The American Language/Chapter 35
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The current movement toward a general reform of English-American spelling is of American origin, and its chief supporters are Americans today. Its actual father was Webster, for it was the long controversy over his simplified spellings that brought the dons of the American Philological Association to a serious investigation of the subject. In 1875 they appointed a committee to inquire into the possibility of reform, and in 1876 this committe reported favorably. During the same year there was an International Convention for the Amendment of English Orthography at Philadelphia, with several delegates from England present, and out of it grew the Spelling Reform Association.  In 1878 a committee of American philologists began preparing a list of proposed new spellings, and two years later the Philological Society of England joined in the work. In 1883 a joint manifesto was issued, recommending various general simplifications. Among those enlisted in the movement were Charles Darwin, Lord Tennyson, Sir John Lubbock and Sir J. A. H. Murray. In 1886 the American Philological Association issued independently a list of recommendations affecting about 3,500 words, and falling under ten headings. Practically all of the changes proposed had been put forward 80 years before by Webster, and some of them had entered into unquestioned American usage in the meantime, e. g., the deletion of the u from the -our words, the substitution of er for re at the end of words, and the reduction of traveller to traveler.
The trouble with the others was that they were either too uncouth to be adopted without a long struggle or likely to cause errors in pronunciation. To the first class belonged tung for tounge, ruf for rough, batl for battleand abuv for above, and to the second such forms as cach for catch and troble for trouble. The result was that the whole reform received a set-back: the public dismissed the reformers as a pack of dreamers. Twelve years later the National Education Association received the movement with a proposal that a beginning be made with a very short list of reformed spellings, and nominated the following by way of experiment: tho, altho, thru, through, thoro, thoroly, thorofare, program, prolog, catalog, pedagog and decalog. This scheme of gradual changes was sound in principle, and in a short time at least two of the recommended spellings,program and catalog, were in general use. Then, in 1906, came the organization of the Simplified Spelling Board, with an endowment of $15,000 a year from Andrew Carnegie, and a formidable list of members and collaborators, including Henry Bradley, F. I. Furnivall, C. H> Grandgent, W. W. Skeat, T. R. Lounsbury and F. A. March. The board at once issued a list of 300 revised spellings, new and old, and in August, 1906, President Rooselvet ordered their adoption by the Government Printing Office. But this unwise effort to hasten matters, combained with the buffoonery characteristically thrown about the matter by Roosevelt, served only to raise up enemies, and then, though it has prudently gone back to more discret endeavors and now lays main stress upon the original 12 words of the National Education Association, the board has not made a great deal of progress.  From time to time it issues impressive lists of newspapers and periodicals that have made them optional, but an inspection of these lists shows that very few publications of any importance have been converted and that most of the great universities still hesitate.  It has, however, greatly reinforced the authority behind many of Webster’s spellings, and aided by the Chemical> Section of the American Association for the Advancement of Science and the editors of the Journal of the American Medical Association, it has done much to reform scientific orthography. Such forms as gram, cocain, chlorid, anemia and anilin are the products of its influence.  Its latest list recommends the following changes:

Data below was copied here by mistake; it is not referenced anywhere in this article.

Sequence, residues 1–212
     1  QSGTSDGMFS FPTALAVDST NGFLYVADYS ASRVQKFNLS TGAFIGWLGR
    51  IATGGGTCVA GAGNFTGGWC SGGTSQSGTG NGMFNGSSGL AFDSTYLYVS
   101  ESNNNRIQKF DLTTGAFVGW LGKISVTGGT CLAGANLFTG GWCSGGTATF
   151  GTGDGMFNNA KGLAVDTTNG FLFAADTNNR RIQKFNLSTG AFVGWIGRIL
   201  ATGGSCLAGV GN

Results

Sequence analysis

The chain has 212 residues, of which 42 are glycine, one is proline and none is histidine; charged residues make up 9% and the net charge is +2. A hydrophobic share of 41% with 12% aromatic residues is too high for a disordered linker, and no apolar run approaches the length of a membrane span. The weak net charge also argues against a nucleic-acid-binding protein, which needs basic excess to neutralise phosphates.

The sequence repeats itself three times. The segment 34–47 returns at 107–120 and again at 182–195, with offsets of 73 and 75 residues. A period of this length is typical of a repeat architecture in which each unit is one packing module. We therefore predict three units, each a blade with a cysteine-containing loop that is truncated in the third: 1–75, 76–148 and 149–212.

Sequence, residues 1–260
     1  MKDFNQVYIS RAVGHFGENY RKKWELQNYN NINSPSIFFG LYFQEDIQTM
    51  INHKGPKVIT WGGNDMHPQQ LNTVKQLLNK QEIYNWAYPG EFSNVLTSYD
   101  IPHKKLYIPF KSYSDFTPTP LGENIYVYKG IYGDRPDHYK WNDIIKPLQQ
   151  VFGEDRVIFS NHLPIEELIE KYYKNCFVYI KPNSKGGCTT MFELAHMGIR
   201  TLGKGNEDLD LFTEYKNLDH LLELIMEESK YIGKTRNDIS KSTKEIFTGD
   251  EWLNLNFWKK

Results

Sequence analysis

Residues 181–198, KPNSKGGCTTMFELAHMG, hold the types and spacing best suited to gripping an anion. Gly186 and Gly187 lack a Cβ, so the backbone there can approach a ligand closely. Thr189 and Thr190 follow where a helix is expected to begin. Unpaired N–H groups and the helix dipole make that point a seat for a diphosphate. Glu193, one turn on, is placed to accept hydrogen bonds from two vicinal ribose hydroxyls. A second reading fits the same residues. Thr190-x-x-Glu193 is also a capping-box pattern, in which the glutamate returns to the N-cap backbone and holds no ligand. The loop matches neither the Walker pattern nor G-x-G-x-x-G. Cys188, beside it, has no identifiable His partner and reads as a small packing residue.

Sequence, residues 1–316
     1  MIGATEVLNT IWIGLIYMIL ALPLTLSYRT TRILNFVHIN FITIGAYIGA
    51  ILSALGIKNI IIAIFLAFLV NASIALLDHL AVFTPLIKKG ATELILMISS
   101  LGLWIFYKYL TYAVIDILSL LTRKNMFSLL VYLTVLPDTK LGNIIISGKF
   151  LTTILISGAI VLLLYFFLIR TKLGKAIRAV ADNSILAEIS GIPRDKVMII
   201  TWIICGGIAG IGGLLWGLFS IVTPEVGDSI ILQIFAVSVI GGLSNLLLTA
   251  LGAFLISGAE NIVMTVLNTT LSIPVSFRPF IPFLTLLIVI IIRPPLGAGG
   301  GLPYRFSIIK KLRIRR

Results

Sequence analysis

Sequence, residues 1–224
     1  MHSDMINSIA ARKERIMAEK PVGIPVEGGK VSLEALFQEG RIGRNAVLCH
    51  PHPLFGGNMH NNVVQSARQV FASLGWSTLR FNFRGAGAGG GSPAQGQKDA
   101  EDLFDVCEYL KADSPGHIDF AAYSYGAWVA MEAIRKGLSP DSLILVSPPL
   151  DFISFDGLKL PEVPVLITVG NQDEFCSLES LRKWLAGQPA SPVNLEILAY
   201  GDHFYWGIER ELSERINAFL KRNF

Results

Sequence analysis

- When a word begins with œ or œ substitute e: esthetic, medieval, subpena. But retain the diphthong at the end of a word: alumnœ.
- When bt is pronounced t, drop the silent b: det, dettor, dout.
- When ceed is final spell it cede: excede, procede, succede.
- When ch is pronounced like hard c, drop the silent h except before e, i and y: caracter, clorid, corus, cronic, eco, epoc, mecanic, monarc, scolar, school, stomac, technical. But retain architect, chemist, monarchy.
- When a double consonant appears before a final silent e drop the last two letters: bizar, cigaret, creton, gavot, gazet, giraf, gram, program, quartet, vaudevil.
- When a word ends with a double consonant substitute a single consonant: ad, bii, bluf, buz, clas, dol, dul, eg, glas, les, los, mes, mis, pas, pres, shal, tel, wil. But retain ll after a long vowel: all, roll. And retain ss when the word has more than one syllable: needless.
- Drop the final silent e after a consonant preceded by a short stressed vowel: giv, hav, liv.
- Drop the final silent e in the common words are, gone and were: ar, gon, wer.
- Drop the final silent e in the unstressed final short syllables ide, ile, ine, ise, ite and ive: activ, bromid, definit, determin, practis, hostil.
- Drop the silent e after lv and rv: involv, twelv, carv, deserv.
- Drop the silent e after v or z when preceded by a digraph representing a long vowel or a diphthong: achiev, freez, gauz, sneez.
- Drop the e in final oe when it is pronounced o: fo, ho, ro, to, wo. But retain it in inflections: foes, hoed.
- When one of the letters in ea is silent drop it: bred, brekfast, hed, hart, harth.
- When final ed is pronounced d drop the e: cald, carrid, employd, marrid, robd, sneezd, struggld, wrongd. But not when a wrong pronunciation will be suggested: bribd, cand, fild (for filed), etc.
- When final ed is pronounced t substitute t: addrest, shipt, helpt, indorst. But not when a wrong pronunciation will be suggested: bakt, fact (for faced), etc.
- When ei is pronounced like ie in brief substitute ie: conciet, deciev, wierd.
- When a final ey is pronounced y drop the e: barly, chimny, donky, mony, vally.
- When final gh is pronounced f substitute f and drop the silent letter of the preceding digraph: enuf, laf, ruf, tuf.
- When gh is pronounced g drop the silent h: agast, gastly, gost, goul.
- When gm is final drop the silent g: apothem, diagram, flem.
- When gue is final after a consonant, a short vowel or a digraph representing a long vowel or a diphthong drop the silent ue: tung, catalog, harang, leag, sinagog. But not when a wrong pronunciation would be suggested: rog (for rogue), vag (for vague), etc.